Hong Kong Policy Address 2019 and its Impact on Home Buyers

Posted: Oct 30 2019Last Updated: Oct 30 2019

30 October 2019 - On 16 Oct 2019, Chief Executive of Hong Kong, Mrs Carrie Lam, made her third annual policy address since assuming office in 2017. 

The Chief Executive’s 2019 Policy Address covered four key topics including a) Housing; b) Land Supply; c) Improving People’s Livelihood; and d) Economic Development. Two of these have an immediate and direct impact on the property landscape of Hong Kong, making it more viable for Hong Kong residents to become home owners. 
 
These measures target a number of different demographics, and in particular, first-time home buyers as well as at risk and lower income households. This should help to alleviate some of the pressure surrounding home ownership in the city that is known for its exorbitant real estate prices. 
 

Some of the key highlights that will be of particular interest to those keeping watch on the real estate sector are as follows:

  1. Increase in the Loan-to-Value (LTV) Ratio

Perhaps one of the most significant impacts to the Hong Kong real estate market in the Policy Address 2019 comes from the change in the LTV ratio for property buyers.

Under the Mortgage Insurance Program, property buyers can now get up to 80% LTV ratio on property that is valued at up to a maximum of HK$10 million. This is up from a previous limit of HK$6 million.

First-time home buyers are also now eligible for a 90% LTV ratio on property that is valued at up to a maximum value of HK$8 million, up from a previous limit of HK$4 million.

LTV ratios and their eligible property value

Max LTV Ratio

80%

90% (First-time home buyers)

Property Value (Existing)

≥HK$6 million

≥HK$4 million

Property Value (New)

≥HK$10 million

≥HK$8 million

Source: HKMA Press Release

  1. Increase in the supply of transitional housing

In Hong Kong, transitional housing refers to the strategic use of idle sites or vacant properties which are otherwise unsuitable for development into more permanent accommodations to temporarily house vulnerable individuals or households who are transitioning into longer term accommodations. 

There are currently less than 1,000 such accommodations in Hong Kong and in the recent Policy Address, the government has pledged to add a further 10,000 units over the next three years by maximizing the use of vacant government land, public facilities and land lent by private owners. This will help to address some of the housing issues faced by the at risk households within the community.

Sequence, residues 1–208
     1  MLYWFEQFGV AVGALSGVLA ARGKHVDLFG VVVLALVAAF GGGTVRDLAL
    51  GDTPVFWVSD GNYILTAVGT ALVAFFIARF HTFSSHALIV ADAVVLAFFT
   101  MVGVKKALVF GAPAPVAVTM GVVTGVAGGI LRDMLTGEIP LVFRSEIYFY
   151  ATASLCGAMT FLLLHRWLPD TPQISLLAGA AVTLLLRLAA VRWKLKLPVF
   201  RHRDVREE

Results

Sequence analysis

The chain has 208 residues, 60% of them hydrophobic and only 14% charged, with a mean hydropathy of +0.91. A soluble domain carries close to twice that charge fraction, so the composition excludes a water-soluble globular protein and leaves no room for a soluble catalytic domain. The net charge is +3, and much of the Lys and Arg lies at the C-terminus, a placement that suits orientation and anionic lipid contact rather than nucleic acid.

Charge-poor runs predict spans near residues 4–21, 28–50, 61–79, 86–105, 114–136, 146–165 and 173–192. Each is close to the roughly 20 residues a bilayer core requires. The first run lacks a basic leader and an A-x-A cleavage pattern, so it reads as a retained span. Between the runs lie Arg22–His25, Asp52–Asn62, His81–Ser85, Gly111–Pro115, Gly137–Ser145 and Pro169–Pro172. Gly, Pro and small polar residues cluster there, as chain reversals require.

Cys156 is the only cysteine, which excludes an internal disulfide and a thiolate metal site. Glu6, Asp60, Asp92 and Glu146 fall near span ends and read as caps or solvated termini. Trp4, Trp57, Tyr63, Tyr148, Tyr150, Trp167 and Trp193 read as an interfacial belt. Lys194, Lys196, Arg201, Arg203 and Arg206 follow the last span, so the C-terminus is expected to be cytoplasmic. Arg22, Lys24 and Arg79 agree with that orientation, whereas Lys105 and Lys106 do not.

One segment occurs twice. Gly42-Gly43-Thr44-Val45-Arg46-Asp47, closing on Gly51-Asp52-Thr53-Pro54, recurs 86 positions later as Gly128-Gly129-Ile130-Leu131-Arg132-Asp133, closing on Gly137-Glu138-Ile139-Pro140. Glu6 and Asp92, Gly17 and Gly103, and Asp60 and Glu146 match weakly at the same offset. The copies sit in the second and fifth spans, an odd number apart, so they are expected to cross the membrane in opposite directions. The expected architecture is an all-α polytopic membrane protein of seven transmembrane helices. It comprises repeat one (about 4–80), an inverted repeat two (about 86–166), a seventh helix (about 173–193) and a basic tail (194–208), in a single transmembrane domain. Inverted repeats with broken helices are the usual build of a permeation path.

1. Expediting the resumption of land for new housing

The resumption of land refers to the government acquisition of land from third parties in order to redevelop it for the purpose of providing services and other community facilities.

In the Policy Address, the government of Hong Kong committed to expedite the resumption of up to 700 hectares of land for the purpose of developing more housing and Starter Homes. Of this 700 hectares, 400 will be resumed in the next five years, an amount which is substantially more than the 20 hectares resumed in the five years prior.  

The three types of land expected to be resumed include:

  1. privately owned brownfield sites in the New Territories (such as Ping Shan in Yuen Long and Lam Tei in Tuen Mun);
  2. private land that has already been identified in current zoning plans for high-density housing; and
  3. private land located in Cha Kwo Long, Ngau Chi Wan and Chuk Yuen United Villages.  

 

  1. Accelerating the sale and supply of housing through various government schemes

In its Policy Address, the Hong Kong government made the announcement to accelerate the sale of 42,000 flats across 39 estates under the Tenancy Purchase Scheme (TPS). Under the TPS, tenants of public housing are able to purchase their flats at significantly discounted rates, averaging about 20% the assessed market value.   

They also made the commitment to put up an additional 12,000 flats for sale under the Home Ownership Scheme (HOS) and Green Form Subsidized Home (GSH) by 2020.

 

In summary, the Hong Kong Policy Address 2019 introduced several new initiatives and policies which will help make home ownership easier for many a wide range of people with different needs and aspirations including investors and first-time home buyers.

Given that the Hong Kong property market has been seeing some downward pressure for most of 2019, the new policies could come as a welcome change which would help increase both demand and supply. Under normal circumstances, this expansionary policy could have an effect of driving property prices up. However, in light of the existing downward pressure in recent months, prices could instead stabilize and might present a good opportunity for those who have been waiting on the sidelines to enter the market.

 

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